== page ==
Sant-Miller: Keep the ‘foot’ in football
Aaron Sant-Miller | Wednesday, March 26, 2014
Ah, the intrigue of the upright. As I reviewed the recent NFL rule changes, I couldn’t help but notice the undue amount of love the uprights were getting. Three new rules revolve around the field-goal posts, one of which I emphatically agree with, one of which I think is ridiculous and one of which I think is simply intriguing.
Allow me to begin with the first change. The NFL now plans to extend the goalposts an additional five feet above the crossbar, making it easier for officials to determine if a field goal is good or not.
This is one of the most logical and practical changes the NFL has ever implemented. An ungodly number of professional football games are decided by solely a field goal. It only makes sense to make field goal assessment as effective as possible. This is one of those rule changes that cannot physically affect the game in a negative manner, requires little effort and change, but effectively improves the game and prevents potential future issues. I love this change. The biggest shame? It took the NFL this long to fix this issue.
The second change: the NFL will no longer allow dunking of the football through the uprights as a touchdown celebration. If a player does celebrate a touchdown in this manner, he will be flagged for excessive celebration.
Though the logic of this rule makes sense, I can’t agree with the change. Last season, after a particularly emphatic dunk, the goalposts had to be adjusted and leveled out. Jimmy Graham had left them crooked. Fair enough. It’s a little impractical to have to stop the flow of the football game to fix the level of a goalpost. I recognize that this makes sense. Yet, they are building a theory off of one anecdote. This happened once, and the dunk celebration happens hundreds of time a season.
More importantly, the NFL is continuing to propagate their perception as the “No Fun League.” Part of what makes sports so entertaining is their raw emotion. The Tiger Woods fist-pump. The Kevin Garnett head butt. The Yasiel Puig slide into home plate. Even the Richard Sherman postgame interview. Yes, it’s a professional sports league, but it’s the genuine lack of polished “professionalism” on the field that makes sports so captivating.
Rules to limit taunting, racist slurs and foul language on the field are good. Reign negative emotion in and try to remove hate from the field; I like these changes. But, NFL, please stop siphoning off the visible passion from the game of football. It’s what makes football so special; to the players, it’s so much more than a game.
Finally, the NFL is considering moving extra points back to the 20-yard line. I had heard rumblings of this for a few weeks now and now it’s solidified: this rule has been modified and applied for the first two preseason games on a trial basis.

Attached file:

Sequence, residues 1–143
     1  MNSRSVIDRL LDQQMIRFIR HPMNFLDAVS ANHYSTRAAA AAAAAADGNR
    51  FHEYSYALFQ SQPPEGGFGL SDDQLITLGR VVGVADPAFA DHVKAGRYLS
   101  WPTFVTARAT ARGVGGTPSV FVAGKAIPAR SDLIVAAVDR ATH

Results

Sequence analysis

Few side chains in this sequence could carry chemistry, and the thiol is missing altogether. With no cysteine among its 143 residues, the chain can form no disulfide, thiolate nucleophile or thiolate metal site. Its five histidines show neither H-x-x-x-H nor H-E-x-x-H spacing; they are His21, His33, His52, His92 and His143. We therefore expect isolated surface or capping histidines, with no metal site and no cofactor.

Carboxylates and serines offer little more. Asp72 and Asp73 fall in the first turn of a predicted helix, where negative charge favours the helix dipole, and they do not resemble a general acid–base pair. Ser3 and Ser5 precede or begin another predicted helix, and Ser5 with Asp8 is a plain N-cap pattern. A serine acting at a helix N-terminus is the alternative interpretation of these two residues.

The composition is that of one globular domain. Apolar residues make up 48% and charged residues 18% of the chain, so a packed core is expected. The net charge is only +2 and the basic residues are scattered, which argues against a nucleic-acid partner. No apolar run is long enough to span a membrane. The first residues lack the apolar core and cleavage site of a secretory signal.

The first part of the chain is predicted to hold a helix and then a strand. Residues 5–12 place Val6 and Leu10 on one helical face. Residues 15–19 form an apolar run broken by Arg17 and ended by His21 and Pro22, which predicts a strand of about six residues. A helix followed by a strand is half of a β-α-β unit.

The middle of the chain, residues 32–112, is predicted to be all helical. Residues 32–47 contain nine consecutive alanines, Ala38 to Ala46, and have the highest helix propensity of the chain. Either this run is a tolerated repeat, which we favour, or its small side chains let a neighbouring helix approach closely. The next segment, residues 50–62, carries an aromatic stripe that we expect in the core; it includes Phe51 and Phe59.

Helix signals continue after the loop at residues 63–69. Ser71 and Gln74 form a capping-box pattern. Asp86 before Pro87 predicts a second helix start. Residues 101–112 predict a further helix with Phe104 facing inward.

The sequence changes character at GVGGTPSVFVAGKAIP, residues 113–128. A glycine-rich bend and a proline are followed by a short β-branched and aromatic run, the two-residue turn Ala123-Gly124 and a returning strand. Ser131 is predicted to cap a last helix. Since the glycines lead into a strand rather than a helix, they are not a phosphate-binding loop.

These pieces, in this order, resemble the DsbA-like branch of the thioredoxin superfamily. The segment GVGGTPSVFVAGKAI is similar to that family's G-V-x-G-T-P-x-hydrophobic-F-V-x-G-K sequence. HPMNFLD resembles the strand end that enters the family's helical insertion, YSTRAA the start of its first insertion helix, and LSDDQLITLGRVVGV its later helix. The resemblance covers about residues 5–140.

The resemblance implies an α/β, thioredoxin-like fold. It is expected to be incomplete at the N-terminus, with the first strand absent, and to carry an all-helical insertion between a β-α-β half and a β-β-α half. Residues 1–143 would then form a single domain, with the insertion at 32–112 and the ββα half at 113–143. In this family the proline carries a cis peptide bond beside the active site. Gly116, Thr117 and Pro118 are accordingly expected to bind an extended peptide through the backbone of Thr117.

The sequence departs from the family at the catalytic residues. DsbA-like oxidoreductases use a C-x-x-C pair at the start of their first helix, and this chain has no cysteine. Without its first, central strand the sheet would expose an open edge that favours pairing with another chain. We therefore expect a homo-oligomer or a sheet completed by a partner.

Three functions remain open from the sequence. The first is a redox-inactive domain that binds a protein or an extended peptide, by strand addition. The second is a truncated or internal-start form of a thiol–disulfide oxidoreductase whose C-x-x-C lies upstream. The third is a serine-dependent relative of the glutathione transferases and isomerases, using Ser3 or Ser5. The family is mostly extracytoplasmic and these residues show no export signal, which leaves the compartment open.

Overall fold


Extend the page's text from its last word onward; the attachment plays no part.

Here, the objective is to increase the excitement and competition in an NFL game. Teams make extra points at an absurdly high rate and to some, consequentially, the extra point attempt comes off as a wasted down. Ideally, this change would increase the excitement of scoring and increase the value of kickers.
I’ve gone back and forth on this change. I can’t help but deny that it would be cool to increase the challenges a team faces in putting points on the board. Also, this change raises the kicker’s value and makes their skills even more important.
Here is why I’m hesitant to jump on the bandwagon. It could simultaneously act to phase kickers out of the game. Moving the extra point back will incentivize going for two, devaluing a kicker to the football team. Even more abstractly, rumors have floated around about making the player who scores the touchdown kick the field goal. Again, this threatens the place kickers hold in the NFL.
I think the job of a kicker is the most impressive of any position. You ask a player to go out and kick an oddly-shaped ball upwards of 40 to 50 yards. Fair enough, but you also expect them to hit the field goal almost every time. This is where the bar is set. Perfection is demanded, adding more pressure to a position that carries the responsibility of deciding a fair share of football games in the waning seconds.
Kickers have to love the pressure, and the best ones truly embrace it. That’s why kickers love having the opportunity to attempt a long field goal and why many like the rule change. Still, at the back of their mind has to be the fear that this is a sign of things to come, a league that wants more focus on the other players and less on the kickers.
Let’s not get away from the game’s roots. Let’s not get away from the kicking game. Let’s not get away from only position that makes sense with a game named FOOTball.